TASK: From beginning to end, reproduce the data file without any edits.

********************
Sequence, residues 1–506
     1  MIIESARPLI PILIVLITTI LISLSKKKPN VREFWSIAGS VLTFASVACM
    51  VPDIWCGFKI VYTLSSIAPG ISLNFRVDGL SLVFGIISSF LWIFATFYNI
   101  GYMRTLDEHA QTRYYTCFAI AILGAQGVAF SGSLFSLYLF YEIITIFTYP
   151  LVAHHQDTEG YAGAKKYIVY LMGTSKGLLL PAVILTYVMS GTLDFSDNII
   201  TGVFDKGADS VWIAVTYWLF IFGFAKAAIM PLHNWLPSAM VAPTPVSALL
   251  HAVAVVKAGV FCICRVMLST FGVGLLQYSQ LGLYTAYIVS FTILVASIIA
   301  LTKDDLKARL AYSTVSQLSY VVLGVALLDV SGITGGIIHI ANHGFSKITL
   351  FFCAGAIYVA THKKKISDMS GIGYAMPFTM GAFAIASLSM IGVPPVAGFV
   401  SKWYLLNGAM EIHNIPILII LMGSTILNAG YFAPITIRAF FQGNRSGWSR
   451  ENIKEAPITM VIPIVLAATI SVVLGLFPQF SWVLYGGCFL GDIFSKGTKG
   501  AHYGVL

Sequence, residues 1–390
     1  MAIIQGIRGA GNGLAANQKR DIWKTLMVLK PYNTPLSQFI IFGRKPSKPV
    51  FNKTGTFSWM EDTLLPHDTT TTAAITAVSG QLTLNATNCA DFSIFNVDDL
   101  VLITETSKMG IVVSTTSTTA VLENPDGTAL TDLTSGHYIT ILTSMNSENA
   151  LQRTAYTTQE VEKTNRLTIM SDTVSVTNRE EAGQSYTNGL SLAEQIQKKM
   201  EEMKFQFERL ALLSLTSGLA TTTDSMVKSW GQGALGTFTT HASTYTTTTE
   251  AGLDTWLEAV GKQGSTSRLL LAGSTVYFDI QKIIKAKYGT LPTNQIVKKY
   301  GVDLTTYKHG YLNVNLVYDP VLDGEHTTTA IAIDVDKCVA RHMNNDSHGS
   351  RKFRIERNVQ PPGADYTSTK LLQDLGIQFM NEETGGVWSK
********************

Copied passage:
Sequence, residues 1–506
     1  MIIESARPLI PILIVLITTI LISLSKKKPN VREFWSIAGS VLTFASVACM
    51  VPDIWCGFKI VYTLSSIAPG ISLNFRVDGL SLVFGIISSF LWIFATFYNI
   101  GYMRTLDEHA QTRYYTCFAI AILGAQGVAF SGSLFSLYLF YEIITIFTYP
   151  LVAHHQDTEG YAGAKKYIVY LMGTSKGLLL PAVILTYVMS GTLDFSDNII
   201  TGVFDKGADS VWIAVTYWLF IFGFAKAAIM PLHNWLPSAM VAPTPVSALL
   251  HAVAVVKAGV FCICRVMLST FGVGLLQYSQ LGLYTAYIVS FTILVASIIA
   301  LTKDDLKARL AYSTVSQLSY VVLGVALLDV SGITGGIIHI ANHGFSKITL
   351  FFCAGAIYVA THKKKISDMS GIGYAMPFTM GAFAIASLSM IGVPPVAGFV
   401  SKWYLLNGAM EIHNIPILII LMGSTILNAG YFAPITIRAF FQGNRSGWSR
   451  ENIKEAPITM VIPIVLAATI SVVLGLFPQF SWVLYGGCFL GDIFSKGTKG
   501  AHYGVL

Sequence, residues 1–390
     1  MAIIQGIRGA GNGLAANQKR DIWKTLMVLK PYNTPLSQFI IFGRKPSKPV
    51  FNKTGTFSWM EDTLLPHDTT TTAAITAVSG QLTLNATNCA DFSIFNVDDL
   101  VLITETSKMG IVVSTTSTTA VLENPDGTAL TDLTSGHYIT ILTSMNSENA
   151  LQRTAYTTQE VEKTNRLTIM SDTVSVTNRE EAGQSYTNGL SLAEQIQKKM
   201  EEMKFQFERL ALLSLTSGLA TTTDSMVKSW GQGALGTFTT HASTYTTTTE
   251  AGLDTWLEAV GKQGSTSRLL LAGSTVYFDI QKIIKAKYGT LPTNQIVKKY
   301  GVDLTTYKHG YLNVNLVYDP VLDGEHTTTA IAIDVDKCVA RHMNNDSHGS
   351  RKFRIERNVQ PPGADYTSTK LLQDLGIQFM NEETGGVWSK